As the no-cost upgrade path from Windows 7, 8, and 8.1 to Windows 10 is still available, and Windows 7 is officially out of support, and Windows 8.1 has a bit under 2 more years (I think), this would not be a great use of developer resources. Though it would be up to the individual undertaking it, I guess.
Anyone who intends to stay in the Windows ecosystem and continue using NVDA should first update their Windows to Windows 10. We're already at the stage where the most recent versions of NVDA are, legitimately, ceasing to have backward compatibility with earlier versions of NVDA itself, let alone out-of-support versions of Windows.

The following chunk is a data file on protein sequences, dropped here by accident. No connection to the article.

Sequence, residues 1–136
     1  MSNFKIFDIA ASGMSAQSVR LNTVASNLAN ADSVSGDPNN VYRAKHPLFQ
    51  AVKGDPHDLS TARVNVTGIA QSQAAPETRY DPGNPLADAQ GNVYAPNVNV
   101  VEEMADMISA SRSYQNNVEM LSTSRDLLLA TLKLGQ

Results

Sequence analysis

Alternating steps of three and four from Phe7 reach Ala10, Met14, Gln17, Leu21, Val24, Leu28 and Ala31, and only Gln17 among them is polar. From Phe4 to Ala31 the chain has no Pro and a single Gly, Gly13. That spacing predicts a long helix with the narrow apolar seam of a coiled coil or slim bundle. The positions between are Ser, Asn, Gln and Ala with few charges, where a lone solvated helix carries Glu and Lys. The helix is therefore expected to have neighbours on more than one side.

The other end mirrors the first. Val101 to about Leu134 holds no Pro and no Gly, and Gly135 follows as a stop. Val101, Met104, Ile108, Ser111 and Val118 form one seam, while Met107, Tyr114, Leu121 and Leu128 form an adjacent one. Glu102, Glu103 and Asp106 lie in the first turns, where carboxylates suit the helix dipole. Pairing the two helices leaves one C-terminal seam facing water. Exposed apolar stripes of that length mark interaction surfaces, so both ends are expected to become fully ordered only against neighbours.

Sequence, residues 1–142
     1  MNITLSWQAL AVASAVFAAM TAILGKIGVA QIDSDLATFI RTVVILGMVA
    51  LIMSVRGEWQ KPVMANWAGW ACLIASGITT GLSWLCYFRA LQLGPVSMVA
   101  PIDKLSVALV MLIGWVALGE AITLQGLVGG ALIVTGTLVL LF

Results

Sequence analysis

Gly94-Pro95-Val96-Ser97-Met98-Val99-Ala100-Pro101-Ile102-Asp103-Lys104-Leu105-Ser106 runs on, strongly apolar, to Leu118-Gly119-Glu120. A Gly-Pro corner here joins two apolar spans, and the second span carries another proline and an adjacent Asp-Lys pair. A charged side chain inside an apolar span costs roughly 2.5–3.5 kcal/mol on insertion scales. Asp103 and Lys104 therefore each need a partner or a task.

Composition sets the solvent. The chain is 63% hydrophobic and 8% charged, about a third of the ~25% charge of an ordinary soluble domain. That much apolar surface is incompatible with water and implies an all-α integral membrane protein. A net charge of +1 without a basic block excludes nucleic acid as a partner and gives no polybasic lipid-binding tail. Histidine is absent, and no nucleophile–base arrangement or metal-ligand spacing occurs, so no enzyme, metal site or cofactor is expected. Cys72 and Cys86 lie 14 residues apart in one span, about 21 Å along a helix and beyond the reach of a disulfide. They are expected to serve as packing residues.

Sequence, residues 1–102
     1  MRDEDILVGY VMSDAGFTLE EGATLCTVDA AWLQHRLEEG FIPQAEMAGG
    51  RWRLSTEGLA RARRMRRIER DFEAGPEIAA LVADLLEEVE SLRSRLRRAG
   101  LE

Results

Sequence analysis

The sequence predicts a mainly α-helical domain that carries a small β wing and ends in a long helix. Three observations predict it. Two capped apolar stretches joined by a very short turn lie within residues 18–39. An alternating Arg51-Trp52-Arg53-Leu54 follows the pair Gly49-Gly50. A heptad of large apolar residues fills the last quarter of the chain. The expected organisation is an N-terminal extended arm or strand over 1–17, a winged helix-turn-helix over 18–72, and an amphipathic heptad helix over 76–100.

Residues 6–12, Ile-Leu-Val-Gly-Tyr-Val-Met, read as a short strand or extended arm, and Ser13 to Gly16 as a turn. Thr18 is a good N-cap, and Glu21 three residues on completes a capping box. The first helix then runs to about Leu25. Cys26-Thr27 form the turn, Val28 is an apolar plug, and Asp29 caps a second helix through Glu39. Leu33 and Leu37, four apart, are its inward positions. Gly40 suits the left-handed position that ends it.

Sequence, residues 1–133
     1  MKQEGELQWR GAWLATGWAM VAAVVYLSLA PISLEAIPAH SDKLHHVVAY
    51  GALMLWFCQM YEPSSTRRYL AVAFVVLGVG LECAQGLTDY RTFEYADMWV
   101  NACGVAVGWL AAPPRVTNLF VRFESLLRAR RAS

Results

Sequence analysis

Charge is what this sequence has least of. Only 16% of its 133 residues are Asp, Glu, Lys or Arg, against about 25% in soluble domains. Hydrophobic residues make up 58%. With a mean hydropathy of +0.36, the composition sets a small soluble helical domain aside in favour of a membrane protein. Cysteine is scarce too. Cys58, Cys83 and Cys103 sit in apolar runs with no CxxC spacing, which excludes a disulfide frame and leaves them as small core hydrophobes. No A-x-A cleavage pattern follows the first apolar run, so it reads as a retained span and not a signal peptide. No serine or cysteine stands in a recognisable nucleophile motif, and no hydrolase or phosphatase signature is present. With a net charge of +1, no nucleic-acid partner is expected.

The end user does have an obligation to "keep up" or accept that they will be stuck with whatever last operational version of any piece of software happens to work with what they're insisting on keeping.
Brian - Windows 10 Pro, 64-Bit, Version 20H2, Build 19042
Any idiot can face a crisis. It's the day-to-day living that wears you out.
~ Anton Chekhov